What’s happening with WA’s Teacher and Principal Evals?

October 6, 2011 at 1:59 pm

As the school years gets off to a fresh start, Washington has begun implementing nine pilot teacher and principal evaluation systems in 16 school districts across the state. 

These pilots were developed over the course of the past year based on criteria set forth by the legislature in SB 6696. In order to create a new professional evaluation system for our schools, SB 6696 requires the implementation of 4-tiered systems statewide in the 2013-14 school year. It also states that these systems must be based on new criteria set forth in the bill, evaluate multiple measures, and have new evaluation forms and rubrics. Final recommendations on the pros and cons of various components of the pilots will be made by the Office of the Superintendent of Public Instruction in July 2012.

A report released in July, 2011 summarized the development of the pilots and highlighted some characteristics of the new systems:

  • All are including observation, self-assessment, student data and student artifacts, but what exactly that means for student learning is unclear at this time.
  • Only two, Anacortes and the ESD 101 Consortium are including parent/student surveys
  • Three different instructional frameworks are being piloted (Danielson, Marzano, and 5-D CEL)

In the report, Superintendent of Public Instruction Randy Dorn made the recommendation that” Districts should be encouraged to select from a limited number of state approved teacher and principal evaluation models.” This would mean that districts could choose from multiple approved models which share key components.

He also cautioned that: “If the system is to be functioning at a high level during the 2013-14 state-wide implementation year, serious consideration will need to be given to providing targeted resources to prepare all the districts in an intentional way for the new teacher and principal evaluation system.”

What’s next?

Two big items are in the works in terms of next steps for implementing and analyzing the pilot evaluation systems.

First, the 2011-13 state budget allocated $6.476 million over the biennium for the pilots – including funds to expand to new districts in 2012-13. This money will be provided in the form of grants called Regional Implementation Grants. These $100,000 grants will be run through the Educational Service Districts (ESD) and 5-10 school districts in each ESD will receive a portion of that funding if the districts commit to piloting the new evaluation systems in their district in 2012-13, a year before statewide implementation. The funding will be used to provide professional development, evaluator training and other resources needed to successfully implement a pilot system. The final applications for these grants are in and we will soon be learning which districts will receive grants.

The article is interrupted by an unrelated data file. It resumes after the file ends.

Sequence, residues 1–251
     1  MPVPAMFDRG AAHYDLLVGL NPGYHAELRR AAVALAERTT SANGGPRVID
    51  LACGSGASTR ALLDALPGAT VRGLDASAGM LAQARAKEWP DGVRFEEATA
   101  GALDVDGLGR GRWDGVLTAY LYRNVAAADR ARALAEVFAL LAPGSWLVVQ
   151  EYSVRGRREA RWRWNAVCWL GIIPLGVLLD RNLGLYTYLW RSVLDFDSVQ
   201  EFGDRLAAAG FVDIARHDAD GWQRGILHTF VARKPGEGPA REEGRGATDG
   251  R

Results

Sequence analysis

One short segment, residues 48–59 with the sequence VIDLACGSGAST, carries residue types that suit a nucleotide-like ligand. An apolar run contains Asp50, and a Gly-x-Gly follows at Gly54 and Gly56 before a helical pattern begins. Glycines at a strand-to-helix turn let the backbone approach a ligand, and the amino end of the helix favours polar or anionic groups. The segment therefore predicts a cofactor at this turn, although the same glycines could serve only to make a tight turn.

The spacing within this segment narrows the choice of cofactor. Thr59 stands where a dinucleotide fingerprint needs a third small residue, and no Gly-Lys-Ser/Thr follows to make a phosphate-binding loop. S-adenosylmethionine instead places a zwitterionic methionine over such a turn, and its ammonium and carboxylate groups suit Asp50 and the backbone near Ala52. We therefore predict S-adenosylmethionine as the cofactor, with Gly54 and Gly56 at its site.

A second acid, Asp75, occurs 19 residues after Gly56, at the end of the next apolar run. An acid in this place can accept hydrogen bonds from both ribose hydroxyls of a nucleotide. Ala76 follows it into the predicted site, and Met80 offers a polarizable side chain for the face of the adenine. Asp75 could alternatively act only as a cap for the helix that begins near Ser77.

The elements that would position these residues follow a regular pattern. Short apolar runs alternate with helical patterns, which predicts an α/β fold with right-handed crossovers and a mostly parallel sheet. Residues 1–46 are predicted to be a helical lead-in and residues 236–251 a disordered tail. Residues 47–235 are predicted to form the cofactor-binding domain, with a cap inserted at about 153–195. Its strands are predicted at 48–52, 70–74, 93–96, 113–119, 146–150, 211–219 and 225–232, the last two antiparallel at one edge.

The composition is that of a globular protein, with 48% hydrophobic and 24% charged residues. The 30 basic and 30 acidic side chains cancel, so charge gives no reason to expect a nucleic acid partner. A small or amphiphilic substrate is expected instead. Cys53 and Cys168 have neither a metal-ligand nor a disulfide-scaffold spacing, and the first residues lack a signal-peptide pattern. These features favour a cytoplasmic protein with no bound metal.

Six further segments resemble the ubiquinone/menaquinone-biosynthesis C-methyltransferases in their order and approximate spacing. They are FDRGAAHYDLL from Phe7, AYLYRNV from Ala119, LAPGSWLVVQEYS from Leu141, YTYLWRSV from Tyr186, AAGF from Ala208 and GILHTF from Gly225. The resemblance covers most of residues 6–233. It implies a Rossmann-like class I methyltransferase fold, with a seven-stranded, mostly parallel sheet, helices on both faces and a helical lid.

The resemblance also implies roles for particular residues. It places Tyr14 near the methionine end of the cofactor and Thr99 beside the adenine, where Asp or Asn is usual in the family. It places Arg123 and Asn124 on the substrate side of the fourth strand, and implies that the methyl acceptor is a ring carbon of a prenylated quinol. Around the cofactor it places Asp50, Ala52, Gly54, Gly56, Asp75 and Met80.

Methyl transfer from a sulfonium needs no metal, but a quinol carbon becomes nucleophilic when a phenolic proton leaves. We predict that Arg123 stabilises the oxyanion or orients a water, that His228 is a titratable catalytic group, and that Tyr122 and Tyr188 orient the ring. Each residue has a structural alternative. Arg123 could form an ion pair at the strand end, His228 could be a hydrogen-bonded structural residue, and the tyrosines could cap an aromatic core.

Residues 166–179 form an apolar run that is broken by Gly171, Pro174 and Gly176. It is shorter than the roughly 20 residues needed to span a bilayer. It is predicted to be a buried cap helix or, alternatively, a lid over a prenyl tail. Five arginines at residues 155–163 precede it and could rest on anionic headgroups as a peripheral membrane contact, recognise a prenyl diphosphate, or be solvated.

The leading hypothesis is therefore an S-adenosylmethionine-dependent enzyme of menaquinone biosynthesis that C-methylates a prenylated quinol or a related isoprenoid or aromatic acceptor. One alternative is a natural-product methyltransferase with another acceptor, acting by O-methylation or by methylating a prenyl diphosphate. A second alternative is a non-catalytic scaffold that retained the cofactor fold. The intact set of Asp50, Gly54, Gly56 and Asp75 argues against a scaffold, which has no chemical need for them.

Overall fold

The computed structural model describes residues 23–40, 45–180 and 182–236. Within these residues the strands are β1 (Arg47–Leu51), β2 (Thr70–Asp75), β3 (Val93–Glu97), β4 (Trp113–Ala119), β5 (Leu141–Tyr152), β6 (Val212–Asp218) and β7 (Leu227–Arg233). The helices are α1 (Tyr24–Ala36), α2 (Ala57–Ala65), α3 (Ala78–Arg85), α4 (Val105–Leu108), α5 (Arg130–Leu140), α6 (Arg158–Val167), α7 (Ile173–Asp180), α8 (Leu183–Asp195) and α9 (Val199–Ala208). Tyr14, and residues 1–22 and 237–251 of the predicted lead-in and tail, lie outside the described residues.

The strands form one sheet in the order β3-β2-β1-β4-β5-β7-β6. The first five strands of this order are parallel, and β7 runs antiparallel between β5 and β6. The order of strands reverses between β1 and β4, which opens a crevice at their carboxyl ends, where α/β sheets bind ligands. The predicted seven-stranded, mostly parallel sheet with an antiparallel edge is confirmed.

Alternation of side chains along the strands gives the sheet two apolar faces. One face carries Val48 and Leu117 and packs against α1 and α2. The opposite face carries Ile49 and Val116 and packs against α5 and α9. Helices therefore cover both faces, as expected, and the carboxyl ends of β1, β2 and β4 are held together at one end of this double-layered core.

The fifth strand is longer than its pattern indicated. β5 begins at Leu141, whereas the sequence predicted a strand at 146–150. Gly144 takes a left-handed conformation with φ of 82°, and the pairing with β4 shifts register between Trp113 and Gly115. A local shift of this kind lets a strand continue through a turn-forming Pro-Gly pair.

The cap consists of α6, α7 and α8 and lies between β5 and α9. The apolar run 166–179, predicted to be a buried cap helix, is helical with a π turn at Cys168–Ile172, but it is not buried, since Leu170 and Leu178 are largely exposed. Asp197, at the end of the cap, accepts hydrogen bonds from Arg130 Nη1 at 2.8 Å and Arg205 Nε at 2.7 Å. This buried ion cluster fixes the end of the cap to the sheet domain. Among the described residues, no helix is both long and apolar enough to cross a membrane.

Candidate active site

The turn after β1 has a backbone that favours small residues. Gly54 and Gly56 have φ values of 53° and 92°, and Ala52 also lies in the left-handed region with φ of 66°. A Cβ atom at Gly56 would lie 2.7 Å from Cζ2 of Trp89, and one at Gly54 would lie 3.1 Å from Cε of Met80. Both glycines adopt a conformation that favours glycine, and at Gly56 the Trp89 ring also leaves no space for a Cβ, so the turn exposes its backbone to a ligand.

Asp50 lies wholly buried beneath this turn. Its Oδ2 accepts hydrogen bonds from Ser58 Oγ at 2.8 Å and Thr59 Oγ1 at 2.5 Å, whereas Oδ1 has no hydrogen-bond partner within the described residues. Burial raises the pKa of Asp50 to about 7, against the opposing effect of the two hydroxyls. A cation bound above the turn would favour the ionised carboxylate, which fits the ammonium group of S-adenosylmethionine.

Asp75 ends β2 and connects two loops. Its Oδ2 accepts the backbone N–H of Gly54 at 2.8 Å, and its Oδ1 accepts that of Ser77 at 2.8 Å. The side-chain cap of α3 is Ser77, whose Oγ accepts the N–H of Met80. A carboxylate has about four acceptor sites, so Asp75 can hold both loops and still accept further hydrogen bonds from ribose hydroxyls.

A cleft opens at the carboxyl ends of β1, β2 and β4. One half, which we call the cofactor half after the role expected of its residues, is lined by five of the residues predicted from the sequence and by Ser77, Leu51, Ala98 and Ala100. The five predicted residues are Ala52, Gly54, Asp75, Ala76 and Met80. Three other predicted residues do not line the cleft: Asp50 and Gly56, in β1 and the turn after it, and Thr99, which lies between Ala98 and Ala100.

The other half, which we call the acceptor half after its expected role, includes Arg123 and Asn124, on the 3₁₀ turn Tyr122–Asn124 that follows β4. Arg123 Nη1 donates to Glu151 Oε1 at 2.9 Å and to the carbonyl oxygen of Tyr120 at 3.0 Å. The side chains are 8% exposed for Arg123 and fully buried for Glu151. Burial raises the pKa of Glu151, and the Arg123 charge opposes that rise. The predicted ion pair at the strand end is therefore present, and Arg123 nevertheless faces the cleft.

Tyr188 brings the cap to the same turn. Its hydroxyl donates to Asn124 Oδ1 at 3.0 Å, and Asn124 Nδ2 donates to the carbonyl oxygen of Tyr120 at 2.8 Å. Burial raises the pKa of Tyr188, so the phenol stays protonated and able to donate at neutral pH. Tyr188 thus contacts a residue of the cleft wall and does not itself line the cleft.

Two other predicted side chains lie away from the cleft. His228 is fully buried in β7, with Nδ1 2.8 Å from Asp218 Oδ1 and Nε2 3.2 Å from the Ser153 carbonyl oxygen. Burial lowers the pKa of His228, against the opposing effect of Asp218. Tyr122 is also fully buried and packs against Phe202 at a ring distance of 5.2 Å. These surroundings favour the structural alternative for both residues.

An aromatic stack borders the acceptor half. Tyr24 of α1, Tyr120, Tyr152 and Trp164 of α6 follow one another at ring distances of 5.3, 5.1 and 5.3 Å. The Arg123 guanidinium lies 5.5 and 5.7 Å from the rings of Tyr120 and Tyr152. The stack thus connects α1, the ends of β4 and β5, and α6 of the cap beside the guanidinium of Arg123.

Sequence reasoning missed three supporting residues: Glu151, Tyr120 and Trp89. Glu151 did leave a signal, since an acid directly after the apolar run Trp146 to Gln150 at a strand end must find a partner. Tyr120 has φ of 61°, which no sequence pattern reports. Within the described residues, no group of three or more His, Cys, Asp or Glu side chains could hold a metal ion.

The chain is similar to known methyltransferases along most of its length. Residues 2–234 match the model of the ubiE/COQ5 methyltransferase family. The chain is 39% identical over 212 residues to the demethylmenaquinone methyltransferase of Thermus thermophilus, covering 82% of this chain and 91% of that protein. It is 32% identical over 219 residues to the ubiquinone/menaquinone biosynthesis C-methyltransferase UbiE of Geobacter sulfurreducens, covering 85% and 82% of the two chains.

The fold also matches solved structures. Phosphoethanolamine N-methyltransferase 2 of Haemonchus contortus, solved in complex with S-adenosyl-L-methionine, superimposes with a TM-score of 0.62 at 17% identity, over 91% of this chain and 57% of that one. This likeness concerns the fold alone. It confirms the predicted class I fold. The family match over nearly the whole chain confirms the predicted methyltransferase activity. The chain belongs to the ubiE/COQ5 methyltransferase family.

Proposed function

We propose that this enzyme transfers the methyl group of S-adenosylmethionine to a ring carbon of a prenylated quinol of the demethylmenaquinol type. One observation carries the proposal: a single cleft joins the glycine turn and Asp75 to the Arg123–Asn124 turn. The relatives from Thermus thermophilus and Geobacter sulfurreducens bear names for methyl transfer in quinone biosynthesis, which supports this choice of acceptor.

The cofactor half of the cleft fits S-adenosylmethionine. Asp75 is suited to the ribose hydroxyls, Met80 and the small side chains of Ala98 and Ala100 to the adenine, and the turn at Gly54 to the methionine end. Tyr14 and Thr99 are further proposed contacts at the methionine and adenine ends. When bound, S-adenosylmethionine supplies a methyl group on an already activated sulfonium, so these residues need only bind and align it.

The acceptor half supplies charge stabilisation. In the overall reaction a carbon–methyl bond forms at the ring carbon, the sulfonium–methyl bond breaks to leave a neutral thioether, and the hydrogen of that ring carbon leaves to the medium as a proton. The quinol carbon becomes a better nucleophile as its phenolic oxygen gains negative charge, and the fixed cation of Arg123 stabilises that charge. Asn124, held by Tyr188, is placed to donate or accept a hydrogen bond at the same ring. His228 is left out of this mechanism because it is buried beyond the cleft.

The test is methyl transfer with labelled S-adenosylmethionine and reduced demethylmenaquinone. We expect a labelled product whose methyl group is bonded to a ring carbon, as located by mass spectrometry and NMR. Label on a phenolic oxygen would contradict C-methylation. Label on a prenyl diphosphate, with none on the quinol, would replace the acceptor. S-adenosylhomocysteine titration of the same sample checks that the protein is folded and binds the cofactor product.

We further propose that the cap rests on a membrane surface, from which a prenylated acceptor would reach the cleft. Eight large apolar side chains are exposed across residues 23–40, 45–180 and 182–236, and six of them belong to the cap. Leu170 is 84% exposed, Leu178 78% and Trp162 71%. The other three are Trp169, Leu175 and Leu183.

Second, the TPEP steering committee is convening experts and practitioners to research and make recommendations on three key decisions for the adoption of new evaluation systems:

  • Whether and how to include student growth data in evaluations
  • How to address evaluator training and reliability
  • Whether and how to include parent and student surveys in evaluations

Over the coming months, Stand for Children will be discussing the pilots, the key issues in finalizing the statewide model(s) and how to prepare for implementation. Stay tuned for opportunities to learn more about the process and progress.

Dave Powell
Policy Director, Stand for Children – Washington

Learn More

TPEP’s website has a host of information about each district involved in the pilots as well as the full version of the July 2011 report.


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